Paedophilia research riles and titillates the academy

Winchester academic finds no consensus on controversial study, writes Melanie Newman

September 10, 2009

An academic who studied paedophiles has described how she was castigated by hostile colleagues but encouraged by other academics who found her research "excitingly naughty".

Sarah Goode, senior lecturer in health and community studies at the University of Winchester, concludes that there is no clear consensus among academics on the harmfulness of adult sexual contact with children.

"What has been most fascinating to me has been, not the responses of paedophiles, but those of academics," said Dr Goode of her research, which spanned four years and resulted in a book, Understanding and Addressing Adult Sexual Attraction to Children, published this year by Routledge.

Social scientists tended to regard her studies with suspicion. "People refused to work with me and said things such as: 'You have no idea how naive you're being and the damage you could cause.'"

Colleagues also expressed "concerns" about the ethics of her research. She said that some of these doubts were "a covert expression of 'tabloidophobia' - a horror that the more aggressively anti-intellectual tabloid newspapers could come knocking and embarrass everyone".

A major national charity told Dr Goode that it could not be associated with her research because being seen exploring or trying to understand paedophiles would provoke the tabloids' ire and potentially reduce its funding.

The hostile academics tended to explain their stance from a child-protection perspective, focusing on the needs and experiences of the child. "They assumed there was a clear consensus on sexual harm and that no further insights were needed," Dr Goode said.

But in a second group of academics, she found no such consensus. "Within the arts and humanities in particular, there is a strong tradition of questioning and contesting such assumptions," she said.

Here the emphasis was on the experiences of the adult, using perspectives of sexual radicalism and challenging "heteronormative" premises.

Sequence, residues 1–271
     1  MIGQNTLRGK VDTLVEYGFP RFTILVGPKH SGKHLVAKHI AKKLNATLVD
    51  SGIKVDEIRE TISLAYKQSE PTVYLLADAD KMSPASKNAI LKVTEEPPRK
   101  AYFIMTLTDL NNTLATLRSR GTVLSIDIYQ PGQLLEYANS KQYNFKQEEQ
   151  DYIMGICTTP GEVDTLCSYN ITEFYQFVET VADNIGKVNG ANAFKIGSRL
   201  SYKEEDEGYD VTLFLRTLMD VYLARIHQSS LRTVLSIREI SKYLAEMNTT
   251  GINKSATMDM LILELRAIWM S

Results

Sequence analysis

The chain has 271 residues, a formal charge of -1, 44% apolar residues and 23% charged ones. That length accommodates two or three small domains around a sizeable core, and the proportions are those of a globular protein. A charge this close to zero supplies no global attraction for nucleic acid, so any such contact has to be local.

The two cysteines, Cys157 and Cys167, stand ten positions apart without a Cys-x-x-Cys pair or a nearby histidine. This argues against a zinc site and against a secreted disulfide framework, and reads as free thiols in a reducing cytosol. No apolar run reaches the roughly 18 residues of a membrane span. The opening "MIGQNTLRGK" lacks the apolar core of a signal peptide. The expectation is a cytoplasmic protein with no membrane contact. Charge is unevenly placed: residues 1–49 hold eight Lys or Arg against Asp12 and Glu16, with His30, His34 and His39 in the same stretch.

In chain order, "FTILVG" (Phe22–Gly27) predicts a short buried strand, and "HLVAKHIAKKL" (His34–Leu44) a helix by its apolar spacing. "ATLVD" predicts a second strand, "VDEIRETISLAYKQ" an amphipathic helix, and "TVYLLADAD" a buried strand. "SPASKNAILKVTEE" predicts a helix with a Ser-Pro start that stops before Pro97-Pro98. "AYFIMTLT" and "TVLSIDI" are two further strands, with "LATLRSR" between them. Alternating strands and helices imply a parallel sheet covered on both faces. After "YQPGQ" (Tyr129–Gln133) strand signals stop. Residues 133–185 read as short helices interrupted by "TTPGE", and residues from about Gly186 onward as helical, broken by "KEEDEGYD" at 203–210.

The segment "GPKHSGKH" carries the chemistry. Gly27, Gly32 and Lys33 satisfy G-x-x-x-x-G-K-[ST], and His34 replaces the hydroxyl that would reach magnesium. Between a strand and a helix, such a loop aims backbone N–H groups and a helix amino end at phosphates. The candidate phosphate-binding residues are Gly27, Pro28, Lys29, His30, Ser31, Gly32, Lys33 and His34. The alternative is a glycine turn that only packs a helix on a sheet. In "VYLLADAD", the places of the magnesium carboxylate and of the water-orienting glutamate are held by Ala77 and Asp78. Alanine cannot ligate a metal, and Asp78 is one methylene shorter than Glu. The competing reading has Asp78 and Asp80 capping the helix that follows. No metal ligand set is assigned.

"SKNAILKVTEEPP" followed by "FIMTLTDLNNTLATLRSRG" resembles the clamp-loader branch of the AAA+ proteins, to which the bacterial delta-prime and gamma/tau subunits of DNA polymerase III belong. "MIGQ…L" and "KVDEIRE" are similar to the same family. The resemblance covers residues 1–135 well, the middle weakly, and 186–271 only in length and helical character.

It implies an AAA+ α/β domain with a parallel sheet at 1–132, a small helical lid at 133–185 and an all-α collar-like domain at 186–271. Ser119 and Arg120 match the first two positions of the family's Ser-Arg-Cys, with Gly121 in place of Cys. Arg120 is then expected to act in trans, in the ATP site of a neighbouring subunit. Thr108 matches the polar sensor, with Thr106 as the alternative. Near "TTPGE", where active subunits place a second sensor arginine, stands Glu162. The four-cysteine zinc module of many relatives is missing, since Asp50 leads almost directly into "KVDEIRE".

"Within such a discourse, adult sexual contact with children is viewed as transgressive, playful and liberating," she added.

Dr Goode said she found this attitude "equally painful", but given that those whose primary motivation was children's wellbeing had turned away, she was forced to "throw myself on the goodwill of those who found such research excitingly naughty".

"One senior professor who was very helpful to me said: 'Don't you think Tom O'Carroll is a lovely man?'" she recalled.

Mr O'Carroll is the author of Paedophilia: The Radical Case (1980), which argues for adults' right to have sex with children.

"Two senior professors also commented (separately but in almost identical words) that women who breastfeed feel sexual, which is no different to being a paedophile," Dr Goode said.

"This is a widespread belief among the paedophile community. As a woman who has breastfed her children (unlike either of the professors), I know from direct experience what rubbish this is, but they naively continue to promulgate it because it serves the purpose of blurring distinctions and normalising the concept of adult sexual experience with children."


Kieran McCartan, senior lecturer in criminology and a sex-crime expert at the University of the West of England, said that academics in the fields of criminal psychology, criminology and related fields have been supportive of his research on paedophiles.

They tended to appreciate that paedophiles were not a homogeneous group, he added. "However, when I talked, formally and informally, to other colleagues, academic and non-academic, who were not involved in sexual abuse-orientated or criminology work, they could not understand why I would want to carry out research or try to understand paedophiles and society's reaction to them.

"They were often dismissive of paedophiles, seeing them as stereotypes, and offered harsh as well as unrealistic responses - much like the public."

In 2004, Richard Yuill, a doctoral student at the University of Glasgow, was accused of "playing into the hands" of paedophiles because his thesis described positive sexual experiences between children and adults. Glasgow decided not to publish it.

David Evans, social sciences lecturer in the same Glasgow department, whose research interests include all aspects of human sexuality, said that many aspects of his work "remain taboo in whole or part to social scientists".

"There are as many positive retrospective accounts by adults of their same-sex pre-'age of consent' sexual experiences as negative," he said. "It is encumbent upon sociologists to report on, analyse and seek to explain these accounts. However, the 'panic' responses within and outside the discipline largely silence and trivialise this work."

Richard Green, professor of psychiatry at Imperial College London, who has called for paedophilia to be removed from a list of mental disorders, told Times Higher Education: "In Sexual Science and the Law (1992), I wrote in a chapter on intergenerational sexuality that the experience for the younger person was not uniformly negative, based on a literature review.

"Bruce Rind et al reached a similar conclusion from a more sophisticated metaanalysis and all hell broke loose. Fortunately for me, no one read my book."

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